The Great Bay National Estuarine Research Reserve in New Hampshire recently hosted the second annual Coastal Climate Summit, a gathering of more than 85 municipal leaders, elected officials, scientists, watershed associations, education and outreach professionals, and concerned citizens to share the latest information about climate change research and adaptation efforts in the region. The Summit identified specific regional issues, potential solutions, adaptation planning and an opportunity for people with innovative ideas to connect with potential partners to share possible solutions to climate impacts.
Use of the Global Positioning System (GPS) for high-accuracy, real-time, and near real-time positioning activities requires accurate repeatable predictions of satellite vehicle position and sub-daily variations in Earth orientation. NGS develops software for determining such "ultra-rapid" GPS products. These products contribute to those of the International Global Navigation Satellite System Service. Recent refinements by NGS' space geodesy team have improved the capability of predicting Earth orientation and GPS satellite orbits. Such improvements are important, because access to the U.S. National Spatial Reference System is obtained directly through GPS products, and the demand for real-time access is growing rapidly.
Land cover and change maps are now accessible from tablets and smartphones. Users can get data and trend information for their area of interest, including forest losses and development gains, as well as specific information such as salt marsh losses to open water or evergreen forest losses to development. The Land Cover Atlas a popular tool developed by the NOAA Coastal Services Center to deliver this information to mobile devices, making it even easier for coastal managers and the public to access maps and data.
NOAA kicked off its spring season for post-Sandy hydrographic work. On April 11 a navigation response team—equipped with high-tech surveying equipment—began a survey in the waters surrounding Liberty and Ellis Islands. The National Park Service requested the Coast Survey's Navigation Response Team 5, one of the first in-water responders, to help re-open the Port of New York and New Jersey immediately after Hurricane Sandy. Team 5 is now re-establishing safe navigation and docking in preparation for the Statues planned reopening on July 4.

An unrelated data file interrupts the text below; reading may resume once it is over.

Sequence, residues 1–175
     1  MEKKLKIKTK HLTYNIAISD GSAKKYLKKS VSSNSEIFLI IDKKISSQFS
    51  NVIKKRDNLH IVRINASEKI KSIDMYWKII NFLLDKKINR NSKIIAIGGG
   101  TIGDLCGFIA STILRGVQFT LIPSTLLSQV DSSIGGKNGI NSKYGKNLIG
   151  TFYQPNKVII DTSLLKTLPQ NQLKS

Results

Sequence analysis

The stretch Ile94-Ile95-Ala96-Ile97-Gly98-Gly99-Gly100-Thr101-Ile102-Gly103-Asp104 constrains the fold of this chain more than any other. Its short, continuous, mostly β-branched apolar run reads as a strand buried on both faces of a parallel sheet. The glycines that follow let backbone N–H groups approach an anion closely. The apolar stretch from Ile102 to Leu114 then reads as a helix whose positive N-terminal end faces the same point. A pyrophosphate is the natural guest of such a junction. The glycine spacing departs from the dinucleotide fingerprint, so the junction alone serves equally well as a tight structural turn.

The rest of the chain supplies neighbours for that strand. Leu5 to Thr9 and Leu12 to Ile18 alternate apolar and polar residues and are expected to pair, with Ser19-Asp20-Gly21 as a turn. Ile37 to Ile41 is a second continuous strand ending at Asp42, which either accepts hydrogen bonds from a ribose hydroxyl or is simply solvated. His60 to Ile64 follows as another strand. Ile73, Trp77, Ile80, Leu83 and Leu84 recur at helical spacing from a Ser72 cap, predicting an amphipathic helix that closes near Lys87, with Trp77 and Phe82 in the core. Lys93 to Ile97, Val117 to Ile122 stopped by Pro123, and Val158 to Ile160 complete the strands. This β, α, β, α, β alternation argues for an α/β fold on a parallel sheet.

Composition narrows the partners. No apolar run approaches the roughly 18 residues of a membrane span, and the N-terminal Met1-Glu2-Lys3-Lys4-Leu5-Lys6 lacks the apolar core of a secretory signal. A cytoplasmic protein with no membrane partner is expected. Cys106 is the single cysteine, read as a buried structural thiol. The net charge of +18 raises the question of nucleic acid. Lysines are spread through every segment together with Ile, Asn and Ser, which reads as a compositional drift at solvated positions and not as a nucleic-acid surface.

From April 4-5, NOAA Marine Debris Program staff presented at a plastics workshop hosted by the University of Waterloo, Ontario. The University staff is engaged in a feasibility study to detect plastics in the Great Lakes using remote sensing techniques. If found feasible and trial runs prove to be effective, this work could be applied nationwide. NOAA Marine Debris Program staff presented information on previous plastics research as well as experiences in at-sea and satellite debris detection technologies. The NOAA Marine Debris Program will continue to keep tabs on the project and remain engaged as it progresses.
The Digital Coast has improved access to data with the Digital Coast Data Registry. The registry is a collection of coastal geospatial data from many sources accessible in a variety of formats for use, download, and viewing. This new resource enhances the user's ability to discover all the ways data sets are available and to find additional data sets that may be of interest. Since these data sets are hosted from a variety of authoritative sources, users are saved the work of searching many disparate sites for information. Users of the registry can filter the data by thematic category, state or territory, offshore region, and service type. The registry also provides easier access to map services for map-making on the go.
NOAA's Olympic Coast National Marine Sanctuary recently released a climate change impacts report entitled "Climate Change and the Olympic Coast National Marine Sanctuary: Interpreting Potential Futures." The report is an initial accomplishment under planned sanctuary climate change action plans, and provides a strong foundation of information for further actions and adaptations in the region. Existing observations and science-based projections were used to identify an extensive suite of potential climate change impacts to habitats, plants, and animals within the sanctuary and adjacent coastal areas. Key issues identified include projected extreme weather events (winds, waves, storms) and resultant coastal erosion, an increase in ocean acidity and water temperature, and more extreme weather patterns, including Pacific Northwest regional rainfall increases triggering 100-year magnitude floods.
The largest recorded harmful algal bloom (HAB) in Lake Erie's history may be an omen for the future. A new multi-investigator study supported in part by funding from the National Centers for Coastal Ocean Science, concludes the record-breaking 2011 bloom was likely caused by a combination of changing farming practices and weather conditions-conditions predicted to continue under a changing climate. Farming practices such as tillage and fertilizer use have changed over the last 10 years. In addition, more intense weather and increased runoff events have injected more phosphorus into Lake Erie. After 2011's bloom began to form, an extended period of weak circulation and warm weather further promoted its growth. The authors predict that all of these factors are likely to continue to occur in the future, increasing the chances of these toxic blooms.